And the hits just keep on coming
Well now this is weird: It’s not even Memorial Day yet, and we movie fans may have already seen the biggest hit of the summer. Indeed, judging from the disappointing grosses for Dark Shadows and Battleship, it looks like some of us may be more interested in seeing that hit again and again, rather than buying tickets to anything else.
But don’t start singing “Summertime Blues” — yet – because there really are some promising pictures on the horizon. Maybe they won’t all be blockbusters – maybe one or two might never make it past the art-house circuit – but that doesn’t mean they won’t be worth the price of admission.
Don’t start singing “Summertime Blues” — yet – because there really are some promising pictures on the horizon.
And I’ve come up with a list of the 10 titles (arranged by release date) that I’m looking forward to most eagerly.
Mind you, I’m basing my high hopes entirely on what I’ve read (reviews by respected colleagues, hype-laden feature stories), seen (intriguing trailers, previous films by the same filmmakers and film stars) and heard (mostly during interviews I’ve watched or conducted). At the time I’m typing these words, I haven’t yet seen a single one of these summer releases. As Ving Rhames so memorably said in Striptease: “Call me a dreamer.”
So remember: There are other upcoming films that might turn out to be much better than any of the ones that appear on this purely (or, if you prefer, impurely) subjective countdown. And, of course, your mileage may vary.
Opens: May 25
Marquee Allure: Will Smith, Tommy Lee Jones, Josh Brolin, Jemaine Clement, Emma Thompson, director Barry Sonnenfeld (Men in Black, Men in Black 2).
The Pitch: To save the life of Agent K (Jones), his long-time taciturn partner, and protect the planet from humongous disaster, Agent J (Smith) travels back in time to seek help from… well, a much younger, but no less taciturn, Agent K (Brolin).
The Attraction: OK, I’ll admit – just the reteaming of Smith and Jones would be enough for me to fork over the dough for a first-run admission ticket. (Maybe at a bargain matinee, but a first-run admission ticket nonetheless.) But c’mon: You mean to tell me the prospect of Brolin channeling Jones for the better part of 90 minutes isn’t enough to draw you to the megaplex?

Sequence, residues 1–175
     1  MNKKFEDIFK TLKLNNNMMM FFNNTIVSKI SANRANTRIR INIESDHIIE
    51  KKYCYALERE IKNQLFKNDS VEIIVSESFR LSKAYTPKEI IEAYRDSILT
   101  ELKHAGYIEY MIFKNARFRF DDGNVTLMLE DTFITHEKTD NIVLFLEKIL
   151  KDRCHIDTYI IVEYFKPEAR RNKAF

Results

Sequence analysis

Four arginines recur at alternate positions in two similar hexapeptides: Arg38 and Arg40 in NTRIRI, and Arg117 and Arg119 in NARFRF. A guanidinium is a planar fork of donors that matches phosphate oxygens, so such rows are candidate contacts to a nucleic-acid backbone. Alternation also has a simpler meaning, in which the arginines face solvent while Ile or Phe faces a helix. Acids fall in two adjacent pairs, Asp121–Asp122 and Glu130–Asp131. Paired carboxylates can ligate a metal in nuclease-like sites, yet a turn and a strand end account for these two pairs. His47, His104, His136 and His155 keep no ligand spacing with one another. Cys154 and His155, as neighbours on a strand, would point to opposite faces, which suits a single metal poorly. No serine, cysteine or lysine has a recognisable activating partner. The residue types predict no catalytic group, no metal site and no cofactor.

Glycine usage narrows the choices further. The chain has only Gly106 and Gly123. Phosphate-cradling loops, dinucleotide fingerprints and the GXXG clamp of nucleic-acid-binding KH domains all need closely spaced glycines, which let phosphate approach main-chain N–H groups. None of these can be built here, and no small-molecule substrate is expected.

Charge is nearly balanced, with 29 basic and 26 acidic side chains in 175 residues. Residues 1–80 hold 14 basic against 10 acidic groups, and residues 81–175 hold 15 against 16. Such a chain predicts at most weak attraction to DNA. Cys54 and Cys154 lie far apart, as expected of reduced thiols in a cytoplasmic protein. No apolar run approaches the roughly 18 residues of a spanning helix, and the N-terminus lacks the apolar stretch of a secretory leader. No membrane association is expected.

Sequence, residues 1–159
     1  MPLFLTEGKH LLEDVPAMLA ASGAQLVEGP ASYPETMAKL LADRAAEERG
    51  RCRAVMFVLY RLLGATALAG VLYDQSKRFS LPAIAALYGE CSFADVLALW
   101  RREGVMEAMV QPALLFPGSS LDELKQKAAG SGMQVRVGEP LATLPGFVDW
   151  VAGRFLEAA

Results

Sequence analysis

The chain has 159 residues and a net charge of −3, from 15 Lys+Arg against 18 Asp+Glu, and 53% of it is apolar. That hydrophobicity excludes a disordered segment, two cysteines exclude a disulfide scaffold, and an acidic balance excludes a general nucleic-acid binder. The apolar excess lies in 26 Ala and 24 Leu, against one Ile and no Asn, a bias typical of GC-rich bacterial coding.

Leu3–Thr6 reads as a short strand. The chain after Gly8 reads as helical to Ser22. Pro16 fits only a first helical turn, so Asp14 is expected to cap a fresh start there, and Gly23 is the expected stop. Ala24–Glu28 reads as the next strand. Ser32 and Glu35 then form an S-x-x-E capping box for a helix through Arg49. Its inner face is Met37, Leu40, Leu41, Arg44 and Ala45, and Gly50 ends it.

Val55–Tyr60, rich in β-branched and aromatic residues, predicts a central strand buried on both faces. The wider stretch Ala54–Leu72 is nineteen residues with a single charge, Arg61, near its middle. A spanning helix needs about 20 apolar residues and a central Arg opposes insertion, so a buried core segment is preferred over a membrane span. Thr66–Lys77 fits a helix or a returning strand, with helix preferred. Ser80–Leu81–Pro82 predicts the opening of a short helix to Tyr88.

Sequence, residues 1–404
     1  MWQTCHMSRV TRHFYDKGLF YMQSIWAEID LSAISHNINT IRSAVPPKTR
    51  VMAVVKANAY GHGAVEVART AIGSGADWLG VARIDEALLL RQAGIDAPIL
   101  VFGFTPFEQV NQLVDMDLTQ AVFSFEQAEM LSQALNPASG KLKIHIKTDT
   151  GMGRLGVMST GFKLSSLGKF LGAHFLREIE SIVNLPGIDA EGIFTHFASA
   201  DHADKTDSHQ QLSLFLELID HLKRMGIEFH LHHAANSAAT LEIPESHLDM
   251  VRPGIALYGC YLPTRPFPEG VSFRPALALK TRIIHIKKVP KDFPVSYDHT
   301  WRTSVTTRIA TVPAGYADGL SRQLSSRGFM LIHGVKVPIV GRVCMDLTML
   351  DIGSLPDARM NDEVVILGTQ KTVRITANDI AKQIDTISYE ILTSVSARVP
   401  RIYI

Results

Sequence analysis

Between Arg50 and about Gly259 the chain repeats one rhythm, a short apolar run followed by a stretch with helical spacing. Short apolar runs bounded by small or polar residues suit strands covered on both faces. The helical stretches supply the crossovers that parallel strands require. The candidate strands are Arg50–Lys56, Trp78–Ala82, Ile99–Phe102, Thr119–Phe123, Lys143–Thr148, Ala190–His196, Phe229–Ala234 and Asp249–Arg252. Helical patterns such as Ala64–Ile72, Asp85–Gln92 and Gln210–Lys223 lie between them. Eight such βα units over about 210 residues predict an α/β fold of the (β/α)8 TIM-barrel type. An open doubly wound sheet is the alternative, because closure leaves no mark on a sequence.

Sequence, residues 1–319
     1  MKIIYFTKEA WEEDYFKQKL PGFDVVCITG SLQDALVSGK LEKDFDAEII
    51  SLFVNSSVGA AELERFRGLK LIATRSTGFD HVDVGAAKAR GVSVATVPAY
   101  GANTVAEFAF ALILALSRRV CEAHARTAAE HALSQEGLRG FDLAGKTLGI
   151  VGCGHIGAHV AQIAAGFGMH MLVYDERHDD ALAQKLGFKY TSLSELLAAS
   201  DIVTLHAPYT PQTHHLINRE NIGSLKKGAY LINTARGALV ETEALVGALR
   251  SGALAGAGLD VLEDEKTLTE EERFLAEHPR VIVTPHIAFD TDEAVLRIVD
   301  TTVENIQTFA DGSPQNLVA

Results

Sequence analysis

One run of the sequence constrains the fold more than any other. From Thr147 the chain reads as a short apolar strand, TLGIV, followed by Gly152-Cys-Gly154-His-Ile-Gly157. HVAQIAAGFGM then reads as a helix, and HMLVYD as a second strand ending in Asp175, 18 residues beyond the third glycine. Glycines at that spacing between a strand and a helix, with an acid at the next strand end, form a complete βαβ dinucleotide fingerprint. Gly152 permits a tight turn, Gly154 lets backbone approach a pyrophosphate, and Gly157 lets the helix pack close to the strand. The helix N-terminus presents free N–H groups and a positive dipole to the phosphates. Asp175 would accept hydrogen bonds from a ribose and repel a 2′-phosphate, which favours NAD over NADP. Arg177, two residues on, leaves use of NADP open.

Opens: June 8 (Limited Release)
Marquee Allure: Jane Fonda, Catherine Keener, Chace Crawford, Jeffrey Dean Morgan, Nat Wolff, Elizabeth Olsen, director Bruce Beresford (Driving Miss Daisy, Tender Mercies).
The Pitch: After her husband asks for a divorce, a conservative Manhattan lawyer (Keener) seeks respite from stress by taking a road trip to upstate New York with her teen children (Olsen, Wolff) – and introducing them to her long-estranged mom, an unreconstructed hippie (Fonda) who’s never met her grandchildren.
The Attraction: Beresford – an Australian-born filmmaker whose other credits include Breaker Morant, Crimes of the Heart and the partly-filmed-in-Houston Mao’s Last Dancer – usually can be relied upon for intelligent grown-up entertainment. And, yes, I’m curious to see how Fonda handles a role that calls for some wink-wink allusions to her well-known political leanings. Also – and I can’t deny it – the 74-year-old actress is still pretty easy on the eyes.
Opens: June 22
Marquee Allure: Benjamin Walker, Dominic Cooper, Anthony Mackie, Mary Elizabeth Winstead, Rufus Sewell, director Timur Bekmambetov (Wanted).
The Pitch: A fanciful mix of historical fact and horrific fiction, adapted by screenwriter Seth Grahame-Smith from his own novel, based on the provocative premise that the 16th President of the United States had a lifelong secret sideline as a beheader of bloodsuckers.
The Attraction: While I recently interviewed Walker – who plays the title role – for Cowboys & Indians magazine, the 29-year-old up-and-comer disarmed my skepticism by insisting that, no, the movie isn’t a comedy. Or at least not an intentional one.
“The only joke is in the title,” he said. “After that, we completely commit to it. And it becomes a drama-thriller about our greatest American hero.”
So what was more difficult – being a credible Abraham Lincoln or a persuasive vampire killer?
“That’s a very interesting question,” Walker replied with a chuckle. “But look, once you get used to being Abraham Lincoln, killing vampires is easy. Because, hey, you’re Abraham Lincoln. So you just look at vampires and say, ‘OK, they’ve got to go.’”
Opens: July 3
Marquee Allure: Andrew Garfield, Emma Stone, Rhys Ifans, Denis Leary, Campbell Scott, Martin Sheen, Sally Field, director Marc Webb ( Days of Summer).
The Pitch: Remember Spider-Man? Seriously, it was just 12 years ago – you must remember Spider-Man. Well, anyway, this movie is a reboot of that one...
The Attraction: And while I think the whole idea of a 12-years-later reboot is kinda-sorta premature – after all, they waited for 16 years after Batman (1989) before we got Batman Begins (2005) – I’m really curious to see just how easily director Webb shifts from rom-com to comic book. (Especially since that rom-com was so damn good.) And the trailer does look cool.
Opens: July 6
Marquee Allure: Taylor Kitsch, Blake Lively, Aaron Johnson, John Travolta, Uma Thurman, Benicio Del Toro, Salma Hayek, Emile Hirsch, Demian Bichir, director Oliver Stone.